At both the state and federal levels, budgets and policies are in a state of flux. Alaskans and all Americans are watching their elected officials work to fund government in a manner that reflects the competing desires for continued programs and fiscal prudence. It is not an easy process, and we owe these public officials a debt of gratitude for their continued efforts. But we need not leave them entirely to themselves in their endeavors, indeed legislators can benefit greatly in their efforts when they hear from their constituents.
In our nation’s capital this past week, Congress averted a shutdown of the federal government by passing a continuing resolution (a way for government operations to go on unchanged when negotiations have yet to reach an agreement on a budget plan for the current fiscal year). One agency that was spared the undesirable and unnecessary outcome of a shutdown was the National Endowment for the Arts (NEA). The NEA had faced an existential threat earlier this year with the release of a proposed budget that suggested eliminating all funding for the NEA as well as other cultural agencies including the Corporation for Public Broadcasting, the National Endowment for the Humanities, and the Institute of Library &Museum Services.
The good news from Washington is that the NEA is still going strong, and it appears that the agency will be well through the end of the current fiscal year. Alaska’s congressional delegation is supportive of cultural agencies. Of particular importance is the fact that Sen. Lisa Murkowski, R-Alaska, chairs the Senate Appropriations Subcommittee on Interior &Related Agencies, which writes the budget for the NEA and many other important parts of the federal government affecting Alaska.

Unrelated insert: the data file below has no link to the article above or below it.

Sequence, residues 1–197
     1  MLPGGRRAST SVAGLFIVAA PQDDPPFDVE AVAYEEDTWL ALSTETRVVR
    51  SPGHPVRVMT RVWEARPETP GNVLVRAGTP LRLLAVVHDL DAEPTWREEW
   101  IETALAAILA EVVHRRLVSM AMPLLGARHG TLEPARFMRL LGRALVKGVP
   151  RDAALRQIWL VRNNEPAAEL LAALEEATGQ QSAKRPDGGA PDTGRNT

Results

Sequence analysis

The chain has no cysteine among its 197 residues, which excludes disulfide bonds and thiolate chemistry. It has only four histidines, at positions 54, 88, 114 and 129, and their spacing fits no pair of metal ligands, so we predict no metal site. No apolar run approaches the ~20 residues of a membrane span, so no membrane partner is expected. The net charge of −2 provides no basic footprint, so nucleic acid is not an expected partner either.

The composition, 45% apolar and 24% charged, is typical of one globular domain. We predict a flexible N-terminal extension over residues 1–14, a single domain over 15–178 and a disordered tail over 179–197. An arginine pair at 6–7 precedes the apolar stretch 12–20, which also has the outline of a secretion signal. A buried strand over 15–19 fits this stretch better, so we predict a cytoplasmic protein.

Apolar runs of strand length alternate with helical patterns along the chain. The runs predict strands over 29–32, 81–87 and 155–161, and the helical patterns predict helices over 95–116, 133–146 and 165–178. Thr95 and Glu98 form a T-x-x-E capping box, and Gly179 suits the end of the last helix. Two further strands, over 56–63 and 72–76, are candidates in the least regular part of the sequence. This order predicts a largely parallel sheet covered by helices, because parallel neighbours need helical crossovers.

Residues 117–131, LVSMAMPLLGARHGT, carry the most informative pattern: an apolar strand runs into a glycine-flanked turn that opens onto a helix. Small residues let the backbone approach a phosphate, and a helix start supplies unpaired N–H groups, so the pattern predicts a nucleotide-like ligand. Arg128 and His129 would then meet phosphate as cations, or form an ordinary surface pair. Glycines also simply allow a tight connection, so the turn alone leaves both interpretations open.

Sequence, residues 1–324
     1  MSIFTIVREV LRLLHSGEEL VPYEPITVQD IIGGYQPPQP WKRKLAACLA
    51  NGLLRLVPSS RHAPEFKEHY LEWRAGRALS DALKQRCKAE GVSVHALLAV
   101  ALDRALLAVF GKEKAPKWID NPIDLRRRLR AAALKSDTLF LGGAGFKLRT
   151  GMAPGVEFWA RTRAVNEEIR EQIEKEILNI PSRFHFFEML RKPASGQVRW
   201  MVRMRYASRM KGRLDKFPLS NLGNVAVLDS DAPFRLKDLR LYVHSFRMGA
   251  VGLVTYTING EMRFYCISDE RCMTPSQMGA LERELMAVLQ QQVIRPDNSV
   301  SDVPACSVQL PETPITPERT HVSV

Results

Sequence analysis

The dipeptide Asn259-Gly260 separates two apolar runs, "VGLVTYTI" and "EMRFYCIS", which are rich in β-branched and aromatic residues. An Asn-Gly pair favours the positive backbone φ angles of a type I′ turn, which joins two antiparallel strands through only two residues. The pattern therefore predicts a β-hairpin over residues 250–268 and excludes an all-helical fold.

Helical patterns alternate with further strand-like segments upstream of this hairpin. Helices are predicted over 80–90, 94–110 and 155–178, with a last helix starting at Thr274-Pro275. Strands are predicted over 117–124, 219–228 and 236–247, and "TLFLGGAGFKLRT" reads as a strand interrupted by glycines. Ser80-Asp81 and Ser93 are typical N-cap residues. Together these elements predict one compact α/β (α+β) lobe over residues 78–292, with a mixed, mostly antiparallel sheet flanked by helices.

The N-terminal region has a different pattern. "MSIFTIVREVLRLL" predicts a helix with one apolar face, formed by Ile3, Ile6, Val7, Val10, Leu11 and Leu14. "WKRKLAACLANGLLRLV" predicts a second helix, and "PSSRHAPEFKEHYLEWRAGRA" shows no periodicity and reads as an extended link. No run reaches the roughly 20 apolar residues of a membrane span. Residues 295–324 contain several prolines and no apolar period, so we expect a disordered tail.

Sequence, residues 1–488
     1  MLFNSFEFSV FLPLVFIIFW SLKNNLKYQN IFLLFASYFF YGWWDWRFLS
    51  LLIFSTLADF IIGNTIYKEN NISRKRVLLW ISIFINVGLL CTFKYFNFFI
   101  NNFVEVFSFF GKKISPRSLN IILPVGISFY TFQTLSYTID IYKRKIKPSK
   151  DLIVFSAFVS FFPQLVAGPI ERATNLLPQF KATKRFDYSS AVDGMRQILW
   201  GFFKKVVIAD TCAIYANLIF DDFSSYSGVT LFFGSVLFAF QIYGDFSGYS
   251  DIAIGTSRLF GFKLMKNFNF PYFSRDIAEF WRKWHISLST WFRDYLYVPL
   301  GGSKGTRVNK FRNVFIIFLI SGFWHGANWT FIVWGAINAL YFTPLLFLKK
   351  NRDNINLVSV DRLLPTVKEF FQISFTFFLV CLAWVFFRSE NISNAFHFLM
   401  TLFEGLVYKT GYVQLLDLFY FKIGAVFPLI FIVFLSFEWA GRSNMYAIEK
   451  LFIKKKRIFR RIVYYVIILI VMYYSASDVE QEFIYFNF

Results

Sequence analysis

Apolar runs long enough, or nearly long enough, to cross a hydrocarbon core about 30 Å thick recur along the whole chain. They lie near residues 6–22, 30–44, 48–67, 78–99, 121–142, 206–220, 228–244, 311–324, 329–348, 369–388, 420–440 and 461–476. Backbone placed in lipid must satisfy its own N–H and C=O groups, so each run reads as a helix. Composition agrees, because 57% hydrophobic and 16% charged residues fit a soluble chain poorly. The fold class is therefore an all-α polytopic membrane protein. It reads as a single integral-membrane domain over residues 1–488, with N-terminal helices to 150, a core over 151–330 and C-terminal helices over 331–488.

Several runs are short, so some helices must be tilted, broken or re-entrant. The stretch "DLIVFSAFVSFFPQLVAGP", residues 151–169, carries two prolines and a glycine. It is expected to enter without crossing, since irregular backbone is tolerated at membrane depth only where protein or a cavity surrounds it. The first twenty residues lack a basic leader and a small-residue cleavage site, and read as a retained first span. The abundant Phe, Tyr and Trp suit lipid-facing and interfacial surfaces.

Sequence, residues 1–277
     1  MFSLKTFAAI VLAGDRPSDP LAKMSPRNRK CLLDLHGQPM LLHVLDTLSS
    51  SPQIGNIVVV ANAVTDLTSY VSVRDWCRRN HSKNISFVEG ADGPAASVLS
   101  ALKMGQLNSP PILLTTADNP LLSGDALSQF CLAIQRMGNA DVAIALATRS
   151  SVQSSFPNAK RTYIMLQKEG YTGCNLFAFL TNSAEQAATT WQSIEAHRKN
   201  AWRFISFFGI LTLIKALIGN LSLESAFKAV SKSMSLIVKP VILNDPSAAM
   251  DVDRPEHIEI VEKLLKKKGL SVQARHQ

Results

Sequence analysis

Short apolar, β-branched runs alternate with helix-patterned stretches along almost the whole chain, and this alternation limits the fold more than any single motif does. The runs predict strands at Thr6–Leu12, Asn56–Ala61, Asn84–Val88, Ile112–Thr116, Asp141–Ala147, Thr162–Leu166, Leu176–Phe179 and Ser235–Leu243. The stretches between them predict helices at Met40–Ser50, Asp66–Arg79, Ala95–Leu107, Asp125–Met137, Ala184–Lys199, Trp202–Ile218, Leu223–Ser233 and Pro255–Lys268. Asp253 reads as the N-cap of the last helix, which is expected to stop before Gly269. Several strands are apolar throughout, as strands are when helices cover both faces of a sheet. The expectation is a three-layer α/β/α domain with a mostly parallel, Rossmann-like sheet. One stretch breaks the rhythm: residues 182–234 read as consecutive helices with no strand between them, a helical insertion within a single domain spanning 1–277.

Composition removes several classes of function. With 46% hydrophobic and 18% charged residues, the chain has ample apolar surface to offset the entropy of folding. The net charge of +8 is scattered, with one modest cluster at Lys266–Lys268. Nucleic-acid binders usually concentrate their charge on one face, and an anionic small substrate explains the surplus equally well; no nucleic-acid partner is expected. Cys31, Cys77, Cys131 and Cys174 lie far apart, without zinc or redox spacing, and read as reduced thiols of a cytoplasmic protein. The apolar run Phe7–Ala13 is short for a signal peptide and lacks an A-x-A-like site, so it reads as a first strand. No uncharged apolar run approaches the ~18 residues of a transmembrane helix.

Murkowski has been a champion of reasonable funding for the NEA, and is in a key position to prevent radical and illogical proposals (e.g., eliminating the NEA) from ever actually happening. Hopefully once final budget terms for the rest of the 2017 fiscal year are in place, support for the NEA will be reflected in the budget for the spending period that will begin in October. If there are to be reductions to the NEA’s budget, it is likely they would be cautiously and thoughtfully crafted so as to minimize the harmful effects on the Americans who benefit most from the NEA’s programs and services.
The NEA’s most important and vital program is its partnerships with state arts agencies, including the Alaska State Council on the Arts (ASCA) on which I serve as chairman. By policy direction of Congress going back two decades, 40 percent of the NEA’s budget must be passed through to state and territorial arts agencies and regional arts organizations, because this causes these funds to be leveraged by dollar-for-dollar matching by state legislatures. When the state agencies in turn grant money to arts organizations and projects, more funds are leveraged, mostly from non-governmental sources. Congress’s modest investment in the NEA produces vast amounts of artistic and cultural activity which enriches individual Americans’ lives, helps students overcome learning disabilities, heals wounded and traumatized solders, eases the pains of aging, and so many other good things. At the same time, economic activity occurs with all these projects and programs, strengthening the nation and helping all Americans prosper.
ASCA has worked over the course of the last year through the legislative session to restructure itself so it can be the best possible partner with the NEA. House Bill 137 passed the Alaska House of Representatives unanimously and with only a single vote in opposition in the Alaska Senate. When it becomes law, ASCA will be a state corporation with much more independence in our operational capacity. The new format will help ASCA receive non-governmental moneys much more nimbly, and spend the money following procurement rules that don’t waste time and effort. ASCA will have a volunteer Board of Trustees appointed by the governor, continuing to serve every part of the Great Land while overseeing a public corporation in the best interest of all Alaskans. ASCA will still be part of the State of Alaska, eligible for NEA funds.
ASCA is extremely grateful to the leaders of the Senate Education Committee and House Education Committee for sponsoring our restructuring legislation, and the bipartisan approach to this effort was integral to its successful passage this session. Alaskans can continue to look forward to learning more soon about ASCA’s new form, and the ways in which we will strengthen and expand our working relationship with our partners, including the NEA.
• Ben Brown is a lifelong Alaskan and Juneau resident, and serves as chairman for the Alaska State Council on the Arts.